While discussing situations where the husband gives his wife a divorce that is conditional on some event taking place (e.g., that a monetary payment will be made), the Gemara brings other situations where a conditional agreement is made and it is not clear whether the condition was fulfilled.
One example is a case where the owner of a field offered his sharecropper an increase in the percentage that he will get from the produce if the sharecropper put more effort into tending the field. Specifically, he told him that while most sharecroppers receive a quarter of the profits and water the field three times a year, he is willing to offer one third of the profits if he agrees to water the field four times a year. What if the sharecropper agrees to this arrangement, waters the field three times, and then discovers that rainfall has made it unnecessary to water the field a fourth time. Do we consider him to have fulfilled his agreement or not?
Rabbah rules that there was no need to water the field, so he is credited as though he did it and he receives the larger payment; Rav Yosef says that even though he agreed to water the field, he did not get to do so, and he should only receive the normal payment of a sharecropper.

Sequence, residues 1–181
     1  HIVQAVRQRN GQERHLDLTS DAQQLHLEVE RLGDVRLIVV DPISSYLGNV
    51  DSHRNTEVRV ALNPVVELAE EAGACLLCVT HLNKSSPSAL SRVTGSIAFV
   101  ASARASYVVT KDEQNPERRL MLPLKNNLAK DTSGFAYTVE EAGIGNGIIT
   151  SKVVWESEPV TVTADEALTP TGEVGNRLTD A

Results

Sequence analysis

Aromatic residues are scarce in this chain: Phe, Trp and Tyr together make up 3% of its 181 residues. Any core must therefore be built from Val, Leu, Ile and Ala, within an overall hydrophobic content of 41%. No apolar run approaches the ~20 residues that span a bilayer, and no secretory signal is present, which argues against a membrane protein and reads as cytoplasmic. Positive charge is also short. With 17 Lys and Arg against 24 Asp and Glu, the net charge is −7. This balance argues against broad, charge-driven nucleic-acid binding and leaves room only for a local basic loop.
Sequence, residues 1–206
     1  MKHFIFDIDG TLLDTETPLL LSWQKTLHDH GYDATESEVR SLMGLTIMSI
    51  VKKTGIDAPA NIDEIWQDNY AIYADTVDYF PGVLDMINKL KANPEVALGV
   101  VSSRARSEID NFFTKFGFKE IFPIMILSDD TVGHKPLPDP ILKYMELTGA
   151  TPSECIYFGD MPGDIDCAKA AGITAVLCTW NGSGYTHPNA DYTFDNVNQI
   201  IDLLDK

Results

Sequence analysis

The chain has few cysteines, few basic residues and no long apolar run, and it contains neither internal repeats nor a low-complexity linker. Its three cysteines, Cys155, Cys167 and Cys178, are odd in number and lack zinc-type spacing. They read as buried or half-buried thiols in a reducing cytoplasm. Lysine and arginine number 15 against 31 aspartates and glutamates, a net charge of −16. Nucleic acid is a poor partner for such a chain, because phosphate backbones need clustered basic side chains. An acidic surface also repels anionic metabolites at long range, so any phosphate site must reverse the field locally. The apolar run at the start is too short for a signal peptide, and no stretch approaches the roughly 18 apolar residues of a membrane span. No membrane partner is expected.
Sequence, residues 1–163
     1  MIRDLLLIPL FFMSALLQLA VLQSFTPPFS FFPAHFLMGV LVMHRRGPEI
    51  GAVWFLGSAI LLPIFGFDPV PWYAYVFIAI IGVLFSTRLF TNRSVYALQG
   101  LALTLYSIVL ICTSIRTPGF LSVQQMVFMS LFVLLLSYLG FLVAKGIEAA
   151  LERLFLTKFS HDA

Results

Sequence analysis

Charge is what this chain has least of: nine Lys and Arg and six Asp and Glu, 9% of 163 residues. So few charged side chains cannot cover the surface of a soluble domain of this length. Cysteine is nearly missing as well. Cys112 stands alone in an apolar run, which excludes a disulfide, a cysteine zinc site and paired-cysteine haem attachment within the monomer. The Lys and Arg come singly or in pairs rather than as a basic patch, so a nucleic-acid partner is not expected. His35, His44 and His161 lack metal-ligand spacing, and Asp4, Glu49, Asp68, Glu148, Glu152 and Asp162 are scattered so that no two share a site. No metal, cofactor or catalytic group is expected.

The case discussed in the Gemara is one where the crops were not watered on a regular basis, and most of the water that they need to grow comes from rain and water sources deep in the ground. Nevertheless, such fields were watered a number of times a year – particularly in Bavel where the seasons were often dry ones – at critical times when the plants were putting down roots, until such times as the plant had developed an established root system. An additional watering, if done at the right time, may significantly improve the health of the plants and ultimately produce a larger harvest. It is therefore understandable that the owner’s interest would be to offer a larger percentage of the profit to the sharecropper, knowing that the increased harvest will more than cover the extra payment.